Malcolm is a young man living on his own in the suburbs of Melbourne, working a simple job at a tram until his creative spirit gets him sacked. To make ends meet he has to take in a tenant, and grumpy ex-con Frank answers the call, bringing his more levelheaded girlfriend Judith. The two are surprised by Malcom's shy demeanour, and especially by his inventions, and the three soon get the idea for a heist...
Malcolm is one of Australia's comedy classics. Embarrassingly, as a kid I thought this was a prequel/sequel to Malcolm in the Middle! The film encapsulates Aussie cinema well, showing a slightly unconventional look into Melbourne life, and turning into a crime caper as it goes along.
The tone in Malcolm is low key and realistic, rather than broadly comic and zany. This could have clashed with the kooky inventions, but they mix well, and make sure the film never gets too serious or glum. The important thing is to know what kind of film you're in for, because if you go in expecting a laugh-a-minute gag-fest, you're likely to be disappointed.
As for my opinion, I do like the film how it is, but I did wish it was more fun at times. This is especially evident in some scenes, where things are cheery and lighthearted, only to be dragged back into awkwardness and drama, with characters often being negative.
Malcolm is a good protagonist. While he may not speak for long stretches of time, or show much outward emotion, he's easy to empathise with, and his childlike and inventive nature gives him a real charm. He feels very authentic, rather than a glammed up Hollywood portrayal of Autism.
Frank on the other hand is a pretty unlikeable guy. Irritable and constantly on edge, he spends most of his screentime shouting at either Malcolmn or Judith, and even funny or sweet scenes are ruined by him.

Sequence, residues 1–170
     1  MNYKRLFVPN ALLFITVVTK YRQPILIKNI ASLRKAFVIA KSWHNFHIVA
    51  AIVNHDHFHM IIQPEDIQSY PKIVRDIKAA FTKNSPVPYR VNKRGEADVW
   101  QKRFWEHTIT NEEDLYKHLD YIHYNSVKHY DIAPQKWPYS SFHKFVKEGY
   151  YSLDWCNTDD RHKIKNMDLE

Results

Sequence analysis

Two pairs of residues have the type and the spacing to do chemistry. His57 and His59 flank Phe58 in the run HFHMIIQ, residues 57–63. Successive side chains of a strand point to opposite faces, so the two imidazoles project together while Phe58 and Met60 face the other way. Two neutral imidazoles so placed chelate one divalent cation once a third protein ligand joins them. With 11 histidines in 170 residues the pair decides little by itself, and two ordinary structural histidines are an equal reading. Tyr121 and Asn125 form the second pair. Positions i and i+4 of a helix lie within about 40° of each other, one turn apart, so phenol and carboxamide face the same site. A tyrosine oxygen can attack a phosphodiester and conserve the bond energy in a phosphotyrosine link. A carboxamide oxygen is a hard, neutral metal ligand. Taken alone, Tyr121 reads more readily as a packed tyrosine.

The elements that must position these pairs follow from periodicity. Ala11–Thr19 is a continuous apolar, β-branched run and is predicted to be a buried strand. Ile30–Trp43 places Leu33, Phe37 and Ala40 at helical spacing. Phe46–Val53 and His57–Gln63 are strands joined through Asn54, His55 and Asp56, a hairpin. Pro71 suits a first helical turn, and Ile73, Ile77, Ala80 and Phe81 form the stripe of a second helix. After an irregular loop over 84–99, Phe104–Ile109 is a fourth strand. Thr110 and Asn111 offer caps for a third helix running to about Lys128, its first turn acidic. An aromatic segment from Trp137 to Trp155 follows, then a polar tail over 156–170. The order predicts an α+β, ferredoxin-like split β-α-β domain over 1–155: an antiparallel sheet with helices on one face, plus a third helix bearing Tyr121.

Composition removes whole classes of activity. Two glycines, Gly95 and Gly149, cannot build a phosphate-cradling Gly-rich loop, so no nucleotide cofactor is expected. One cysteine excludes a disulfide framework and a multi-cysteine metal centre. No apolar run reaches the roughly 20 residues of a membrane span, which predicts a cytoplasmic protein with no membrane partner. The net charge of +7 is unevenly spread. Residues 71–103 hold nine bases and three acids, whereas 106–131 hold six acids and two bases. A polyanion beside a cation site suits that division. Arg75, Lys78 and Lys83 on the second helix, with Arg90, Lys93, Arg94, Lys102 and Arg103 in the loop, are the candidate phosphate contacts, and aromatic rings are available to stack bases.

Judith is more the voice of reason, and is instantly intrigued by Malcolm, in an almost motherly way. Although she too isn't perfect. Frank remarks about her habit of wandering around the house practically in the nuddy in front of Malcolm, and while she tries waving that away, she does do it! Openness with nudity is one thing, but it's generally not considered polite to practically flash the landlord every time you walk down the hallway, especially if he's easily rattled.
Other characters include a neighbour smitten with Malcolm, but she doesn't appear enough, and is written out halfway through, strangely. Then there's the local storeowner, who means well, but puts Malcolm's interests down, and insists he put his intelligence to something worthwhile. He is, you bitch! I bet someone else could say the same about you. She makes sweeping judgements about the skill of Malcolm's mother, saying she messed him up and 'would be horrified' if she saw him now. I bet she'd be horrified that her genius son built a tram from scratch out of spare parts, in his off hours, and was fired! I bet she'd take his old bosses to court, then send some of his gadgets to a toy or car company and get her son a job worthy of his talents! So stick that in your pipe and smoke it, sheila!
The climax is great fun, a mix of amusing and thrilling. It's definitely one of the most original bank heists seen on film, and well executed! The only complaint I have is that there are a few details that make me think 'Oh, there is no way they wouldn't be found out because of that, or that!...', and that does take you out of the movie a little, but that's all. The film is upbeat enough and we know that despite any little niggles like that, our heroes are gonna be fine.
The effects too are neat! The highlight is the fantastic split car, and the other gadgets throughout are cool as well. Malcolm's whole house is full of nice little gizmos, and they'd all be pretty handy!
The score by the spectacularly named Penguin Cafe Orchestra is a delight. It's warm, cosy, and unique too, most notably the heist music. It perfectly captures the humdrum life of Melbourne, and makes the poorer suburbs seem just a bit less shitty.
The cast here is small but very effective. Colin Friels is a great lead, and perfectly captures his mannerisms and mindset. John Hargreaves is prickly, and almost does too good a job at playing an asshole. Lindy Davies is warmer, providing a good counterbalance. Bud Tingwell gets a good role, though only for one scene. I would've liked to see him appear more.
Malcolm might not be for everyone, but is a good example of a local homegrown comedy, with nice representation and fantastic inventiveness...